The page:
Common Attack Pattern Enumeration and Classification
A Community Resource for Identifying and Understanding Attacks
Attacks on session IDs and resource IDs take advantage of the fact that some software accepts user input without verifying its authenticity. For example, a message queuing system that allows service requesters to post messages to its queue through an open channel (such as anonymous FTP), authorization is done through checking group or role membership contained in the posted message. However, there is no proof that the message itself, the information in the message (such group or role membership), or indeed the process that wrote the message to the queue are authentic and authorized to do so. Many server side processes are vulnerable to these attacks because the server to server communications have not been analyzed from a security perspective or the processes "trust" other systems because they are behind a firewall. In a similar way servers that use easy to guess or spoofable schemes for representing digital identity can also be vulnerable. Such systems frequently use schemes without cryptography and digital signatures (or with broken cryptography). Session IDs may be guessed due to insufficient randomness, poor protection (passed in the clear), lack of integrity (unsigned), or improperly correlation with access control policy enforcement points. Exposed configuration and properties files that contain system passwords, database connection strings, and such may also give an attacker an edge to identify these identifiers. The net result is that spoofing and impersonation is possible leading to an attacker's ability to break authentication, authorization, and audit controls on the system.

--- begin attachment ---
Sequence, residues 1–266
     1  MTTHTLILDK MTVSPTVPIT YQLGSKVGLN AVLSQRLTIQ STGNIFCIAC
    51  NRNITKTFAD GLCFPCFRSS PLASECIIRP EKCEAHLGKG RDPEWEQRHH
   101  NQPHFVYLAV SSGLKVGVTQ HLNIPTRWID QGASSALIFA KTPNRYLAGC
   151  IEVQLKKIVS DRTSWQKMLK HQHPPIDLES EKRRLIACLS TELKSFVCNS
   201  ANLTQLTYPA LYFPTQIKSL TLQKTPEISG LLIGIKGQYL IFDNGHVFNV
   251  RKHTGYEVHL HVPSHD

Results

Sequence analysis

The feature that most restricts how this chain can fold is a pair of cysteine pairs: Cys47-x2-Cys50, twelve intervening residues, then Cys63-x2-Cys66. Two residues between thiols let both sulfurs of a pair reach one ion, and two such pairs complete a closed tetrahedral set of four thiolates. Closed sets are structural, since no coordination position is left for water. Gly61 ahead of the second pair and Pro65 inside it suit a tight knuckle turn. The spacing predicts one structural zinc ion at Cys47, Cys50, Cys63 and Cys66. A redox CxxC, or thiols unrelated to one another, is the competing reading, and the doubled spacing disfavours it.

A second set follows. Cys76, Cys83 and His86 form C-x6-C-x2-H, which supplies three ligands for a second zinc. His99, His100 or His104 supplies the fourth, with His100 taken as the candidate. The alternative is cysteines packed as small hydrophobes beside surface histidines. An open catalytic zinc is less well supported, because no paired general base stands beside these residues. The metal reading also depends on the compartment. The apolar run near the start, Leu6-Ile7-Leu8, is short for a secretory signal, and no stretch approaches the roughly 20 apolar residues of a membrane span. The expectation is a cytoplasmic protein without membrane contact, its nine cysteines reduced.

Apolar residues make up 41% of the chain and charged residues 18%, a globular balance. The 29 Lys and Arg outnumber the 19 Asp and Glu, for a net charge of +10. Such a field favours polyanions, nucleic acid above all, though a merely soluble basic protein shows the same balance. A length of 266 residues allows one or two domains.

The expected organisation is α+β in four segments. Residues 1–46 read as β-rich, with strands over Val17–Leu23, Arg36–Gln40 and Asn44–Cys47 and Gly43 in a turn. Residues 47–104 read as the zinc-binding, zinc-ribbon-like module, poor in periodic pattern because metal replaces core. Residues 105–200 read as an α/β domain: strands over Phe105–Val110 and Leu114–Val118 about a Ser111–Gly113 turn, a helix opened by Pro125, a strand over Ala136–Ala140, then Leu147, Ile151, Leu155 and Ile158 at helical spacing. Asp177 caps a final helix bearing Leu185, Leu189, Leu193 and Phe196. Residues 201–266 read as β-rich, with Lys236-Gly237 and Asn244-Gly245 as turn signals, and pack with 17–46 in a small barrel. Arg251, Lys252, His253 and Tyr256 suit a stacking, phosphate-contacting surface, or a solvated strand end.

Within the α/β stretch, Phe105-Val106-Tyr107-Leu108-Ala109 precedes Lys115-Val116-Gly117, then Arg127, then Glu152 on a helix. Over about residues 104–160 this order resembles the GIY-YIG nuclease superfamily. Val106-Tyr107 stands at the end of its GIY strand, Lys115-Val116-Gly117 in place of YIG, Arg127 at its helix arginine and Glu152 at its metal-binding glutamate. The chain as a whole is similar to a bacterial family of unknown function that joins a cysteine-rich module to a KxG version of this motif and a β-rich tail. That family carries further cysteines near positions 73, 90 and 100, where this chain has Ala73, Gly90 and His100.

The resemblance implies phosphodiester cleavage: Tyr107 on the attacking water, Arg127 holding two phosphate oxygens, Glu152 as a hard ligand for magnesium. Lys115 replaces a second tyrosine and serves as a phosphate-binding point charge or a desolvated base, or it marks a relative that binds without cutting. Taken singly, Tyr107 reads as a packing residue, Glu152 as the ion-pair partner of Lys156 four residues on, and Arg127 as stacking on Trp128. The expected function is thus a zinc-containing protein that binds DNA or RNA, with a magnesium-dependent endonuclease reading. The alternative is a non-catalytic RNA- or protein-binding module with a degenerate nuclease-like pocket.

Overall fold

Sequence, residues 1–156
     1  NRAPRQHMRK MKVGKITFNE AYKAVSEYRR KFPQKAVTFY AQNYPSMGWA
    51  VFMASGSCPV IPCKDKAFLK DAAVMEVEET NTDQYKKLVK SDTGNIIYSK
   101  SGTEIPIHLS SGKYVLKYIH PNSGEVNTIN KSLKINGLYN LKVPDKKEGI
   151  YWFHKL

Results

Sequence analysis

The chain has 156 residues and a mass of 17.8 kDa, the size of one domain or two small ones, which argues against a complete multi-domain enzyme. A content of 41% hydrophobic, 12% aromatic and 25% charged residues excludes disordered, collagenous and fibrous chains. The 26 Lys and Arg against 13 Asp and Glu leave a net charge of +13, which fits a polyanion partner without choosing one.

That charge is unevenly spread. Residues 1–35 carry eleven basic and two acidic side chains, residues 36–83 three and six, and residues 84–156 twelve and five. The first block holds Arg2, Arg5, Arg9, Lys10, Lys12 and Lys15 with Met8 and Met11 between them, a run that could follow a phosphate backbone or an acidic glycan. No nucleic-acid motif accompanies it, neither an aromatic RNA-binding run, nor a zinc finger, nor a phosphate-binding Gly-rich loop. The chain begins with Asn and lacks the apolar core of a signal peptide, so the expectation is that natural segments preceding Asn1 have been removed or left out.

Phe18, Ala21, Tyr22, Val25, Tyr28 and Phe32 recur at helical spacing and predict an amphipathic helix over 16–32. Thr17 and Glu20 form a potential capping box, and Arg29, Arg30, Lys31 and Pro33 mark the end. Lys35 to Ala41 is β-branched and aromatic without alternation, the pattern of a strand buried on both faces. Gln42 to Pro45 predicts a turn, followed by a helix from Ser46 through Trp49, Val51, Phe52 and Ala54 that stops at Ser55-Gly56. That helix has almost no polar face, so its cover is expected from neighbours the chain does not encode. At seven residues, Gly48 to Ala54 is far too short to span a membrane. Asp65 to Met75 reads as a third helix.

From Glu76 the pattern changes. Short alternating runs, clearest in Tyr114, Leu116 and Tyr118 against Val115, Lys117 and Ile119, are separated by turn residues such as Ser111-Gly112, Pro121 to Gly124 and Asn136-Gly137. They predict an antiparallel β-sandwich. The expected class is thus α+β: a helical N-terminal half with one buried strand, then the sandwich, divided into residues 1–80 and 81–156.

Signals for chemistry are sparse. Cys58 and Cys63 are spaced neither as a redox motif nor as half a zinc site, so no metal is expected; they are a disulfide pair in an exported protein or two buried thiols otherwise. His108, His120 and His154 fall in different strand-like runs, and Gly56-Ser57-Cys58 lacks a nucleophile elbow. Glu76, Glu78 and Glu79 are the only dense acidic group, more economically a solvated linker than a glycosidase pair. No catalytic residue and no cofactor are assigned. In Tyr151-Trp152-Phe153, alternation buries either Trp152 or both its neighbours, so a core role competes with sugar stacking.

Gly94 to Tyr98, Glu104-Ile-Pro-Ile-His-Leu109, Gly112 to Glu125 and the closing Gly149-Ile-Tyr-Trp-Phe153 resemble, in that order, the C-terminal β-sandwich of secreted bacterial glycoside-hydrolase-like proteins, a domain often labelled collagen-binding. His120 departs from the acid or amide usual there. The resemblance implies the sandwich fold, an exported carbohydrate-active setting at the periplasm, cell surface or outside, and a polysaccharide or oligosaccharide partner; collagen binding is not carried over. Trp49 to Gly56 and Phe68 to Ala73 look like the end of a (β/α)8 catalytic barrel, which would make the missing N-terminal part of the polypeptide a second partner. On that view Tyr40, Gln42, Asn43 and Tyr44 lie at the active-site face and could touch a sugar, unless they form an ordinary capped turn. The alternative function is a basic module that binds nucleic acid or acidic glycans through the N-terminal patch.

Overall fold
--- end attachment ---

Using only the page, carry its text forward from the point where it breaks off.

The table below shows the other attack patterns and high level categories that are related to this attack pattern. These relationships are defined as ChildOf and ParentOf, and give insight to similar items that may exist at higher and lower levels of abstraction. In addition, relationships such as CanFollow, PeerOf, and CanAlsoBe are defined to show similar attack patterns that the user may want to explore.
The table below shows the views that this attack pattern belongs to and top level categories within that view.
Ability to deploy software on network. Ability to communicate synchronously or asynchronously with server
The table below specifies different individual consequences associated with the attack pattern. The Scope identifies the security property that is violated, while the Impact describes the negative technical impact that arises if an adversary succeeds in their attack. The Likelihood provides information about how likely the specific consequence is expected to be seen relative to the other consequences in the list. For example, there may be high likelihood that a pattern will be used to achieve a certain impact, but a low likelihood that it will be exploited to achieve a different impact.
A Related Weakness relationship associates a weakness with this attack pattern. Each association implies a weakness that must exist for a given attack to be successful. If multiple weaknesses are associated with the attack pattern, then any of the weaknesses (but not necessarily all) may be present for the attack to be successful. Each related weakness is identified by a CWE identifier.
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